The governments and institutions of Europe never seem to cease to reiterate their commitment to growth, like a religious incantation. Daring to utter “the end of growth” is tantamount to the warning of Dante’s Inferno: “Lasciate ogne speranza, voi ch’intrate” (“Abandon all hope, ye who enter”). For growth is the language of Hope, on par with the Gospel, promising eternal redemption and rewards. Now, when it comes to faith, it is very dangerous to counter with facts and Galileo can attest to that. The thing is, however, growth actually exists: between 1974 and 2004, the French economy doubled in size, in other words 100% growth. In the same time period, unemployment tripled (3 to 10%) and the number of people living in poverty barely decreased by 10%… Welcome to the trente piteuses.
The problem is not an issue of accounting or economics. Whatever the materialist convictions of those who purport to be the scientists may be, the economy of a region, a country, an industry or a household cannot be distilled down to a simple accounting aggregate of units churned out or hours clocked. The economy is an image of the world, a representation of available resources, needs that must be met and desires to be fulfilled. A representation of what is necessary, useful, desirable, superfluous, and negligible. It is a relationship to time, effort, merit, and to fellow man. The ant and the grasshopper are but just one facet of the economy.
One of history’s greatest economists recalled that fact in nearly every line of his ever relevant work: the main thing that comes out of crunching the numbers and forecasts (varying in wisdom) is a difficult to quantify data set called “psychology”. Whether it is individual or group psychology that we are dealing with here, what it boils down to is a representation of the world.
Today, with the exception of a few lesser developed regions, the majority of our certainties have been poured into the last concrete blocks of industrial gigantism: useless big projects forced on us, Stuttgart station, Mielno, Paks and Temelin nuclear power plants, destructive extractive industries, pathogenic agro-industry, poisonous petrochemistry, industrial overfishing.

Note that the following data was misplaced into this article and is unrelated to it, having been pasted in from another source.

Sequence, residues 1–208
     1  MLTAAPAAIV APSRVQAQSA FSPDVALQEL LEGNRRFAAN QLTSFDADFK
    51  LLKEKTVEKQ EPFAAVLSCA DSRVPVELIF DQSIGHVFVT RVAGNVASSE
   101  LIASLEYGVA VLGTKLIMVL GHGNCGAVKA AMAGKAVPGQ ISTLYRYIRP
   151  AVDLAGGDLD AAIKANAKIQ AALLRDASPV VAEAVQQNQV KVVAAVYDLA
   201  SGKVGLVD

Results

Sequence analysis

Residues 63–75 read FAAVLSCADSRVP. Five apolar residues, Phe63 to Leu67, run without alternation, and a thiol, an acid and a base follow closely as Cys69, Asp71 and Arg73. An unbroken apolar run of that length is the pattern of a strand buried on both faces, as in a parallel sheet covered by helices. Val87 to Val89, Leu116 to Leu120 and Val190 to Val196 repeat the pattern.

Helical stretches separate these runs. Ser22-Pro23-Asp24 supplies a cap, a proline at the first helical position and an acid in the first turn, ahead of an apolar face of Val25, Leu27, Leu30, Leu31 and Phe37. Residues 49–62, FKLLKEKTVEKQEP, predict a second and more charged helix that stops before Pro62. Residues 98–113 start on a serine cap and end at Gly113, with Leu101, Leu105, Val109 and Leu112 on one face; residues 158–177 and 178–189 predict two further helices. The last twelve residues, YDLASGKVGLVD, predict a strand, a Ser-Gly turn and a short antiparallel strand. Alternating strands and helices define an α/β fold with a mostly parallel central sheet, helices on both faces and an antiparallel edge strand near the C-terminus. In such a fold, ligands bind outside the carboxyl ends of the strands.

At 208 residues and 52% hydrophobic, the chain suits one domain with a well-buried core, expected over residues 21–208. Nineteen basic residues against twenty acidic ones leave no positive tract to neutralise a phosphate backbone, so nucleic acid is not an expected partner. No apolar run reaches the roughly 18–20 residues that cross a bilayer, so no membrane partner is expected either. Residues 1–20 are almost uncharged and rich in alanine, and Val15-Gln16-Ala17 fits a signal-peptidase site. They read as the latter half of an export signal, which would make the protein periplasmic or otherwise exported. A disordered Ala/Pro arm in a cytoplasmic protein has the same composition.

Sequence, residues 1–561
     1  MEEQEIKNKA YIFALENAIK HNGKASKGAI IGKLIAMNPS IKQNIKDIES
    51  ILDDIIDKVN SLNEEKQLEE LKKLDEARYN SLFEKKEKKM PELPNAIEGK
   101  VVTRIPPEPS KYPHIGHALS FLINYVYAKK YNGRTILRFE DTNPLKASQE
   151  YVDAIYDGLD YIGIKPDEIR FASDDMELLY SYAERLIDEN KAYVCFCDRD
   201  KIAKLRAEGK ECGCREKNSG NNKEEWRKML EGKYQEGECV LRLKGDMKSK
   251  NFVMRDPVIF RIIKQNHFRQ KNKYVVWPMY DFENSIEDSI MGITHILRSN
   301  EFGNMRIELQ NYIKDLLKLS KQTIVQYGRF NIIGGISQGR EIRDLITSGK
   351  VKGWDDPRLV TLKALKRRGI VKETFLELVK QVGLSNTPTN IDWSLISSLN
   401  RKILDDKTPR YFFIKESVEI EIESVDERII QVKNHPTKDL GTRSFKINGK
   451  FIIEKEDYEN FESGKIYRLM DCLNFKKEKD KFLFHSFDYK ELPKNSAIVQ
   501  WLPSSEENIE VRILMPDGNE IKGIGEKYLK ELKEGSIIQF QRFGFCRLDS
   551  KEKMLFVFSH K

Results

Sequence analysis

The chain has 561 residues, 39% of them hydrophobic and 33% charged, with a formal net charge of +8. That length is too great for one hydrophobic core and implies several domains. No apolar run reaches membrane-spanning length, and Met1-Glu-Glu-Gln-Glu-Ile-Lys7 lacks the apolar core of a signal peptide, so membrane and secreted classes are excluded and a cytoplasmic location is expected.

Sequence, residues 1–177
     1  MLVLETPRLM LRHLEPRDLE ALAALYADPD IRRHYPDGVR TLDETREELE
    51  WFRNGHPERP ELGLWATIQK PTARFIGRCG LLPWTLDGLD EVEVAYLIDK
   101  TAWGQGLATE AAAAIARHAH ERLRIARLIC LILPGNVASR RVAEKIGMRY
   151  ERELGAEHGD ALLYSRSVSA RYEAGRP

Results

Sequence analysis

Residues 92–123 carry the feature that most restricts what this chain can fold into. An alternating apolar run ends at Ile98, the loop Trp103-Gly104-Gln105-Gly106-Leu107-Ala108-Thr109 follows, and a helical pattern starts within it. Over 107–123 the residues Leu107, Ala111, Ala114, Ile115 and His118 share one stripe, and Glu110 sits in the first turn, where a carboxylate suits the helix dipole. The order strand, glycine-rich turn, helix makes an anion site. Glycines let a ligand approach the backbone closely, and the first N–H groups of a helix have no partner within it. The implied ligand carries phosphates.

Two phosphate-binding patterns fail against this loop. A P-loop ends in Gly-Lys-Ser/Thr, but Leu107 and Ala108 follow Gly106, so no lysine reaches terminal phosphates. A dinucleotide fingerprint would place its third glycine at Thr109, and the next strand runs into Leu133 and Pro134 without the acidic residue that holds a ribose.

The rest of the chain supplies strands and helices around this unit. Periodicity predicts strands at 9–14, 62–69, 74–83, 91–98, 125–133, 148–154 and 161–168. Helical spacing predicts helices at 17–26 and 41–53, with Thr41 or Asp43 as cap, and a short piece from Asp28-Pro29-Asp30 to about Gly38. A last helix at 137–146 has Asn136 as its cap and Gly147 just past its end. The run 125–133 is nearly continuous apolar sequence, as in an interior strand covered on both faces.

What Europeans really aspire to is something entirely different: the overwhelming pressure of massive unemployment by no means guarantees that the unemployed will go knocking on the door of a factory that has been packed up and sent off to China or Vietnam or that they are prepared to trade in their habitat for shale gas or oil sands.
The real question is a question of freedom. What really matters is not so much the “job” (which generally restricts one’s freedom) but rather to have “a way to make a living.”
We need to invest in society: inequality, redistribution, education, land management, rural communities, non-industrial farming, community infrastructure and telecommunication, social innovation, technological innovation and fundamental research. To sum up, we need to invest in a better world.
68 wanted to put imagination into power? Well, we want to invest in imagination.
Alas, we are subjected today to the dictatorship of managers: even Tsipras, Europe’s new radical golden boy, gives us Visconti in the texts by adorning social-democracy with a Mitterandesque revolutionary virginity.
When our faith in the songs of tomorrow has dried and the only thing left is the big single market, social-democracy or the rotary club as venue for dreaming, it is ludicrous to be flabbergasted that certain young people – who are seriously struggling – fall into the adulterated traps of a whole host of identity-based regimentation. One generation has come back from everything. Now it is time for a new generation to set out…somewhere. And that will require more imagination than all of the Junckers and Macrons of Europe combined could ever muster.
This article was orginally published on Mediapart.
1 See L’empereur illicite de l’Europe, au cœur de la Banque centrale européenne, by Jean-François Bouchard (Auteur) – Essai (broché), 01/2014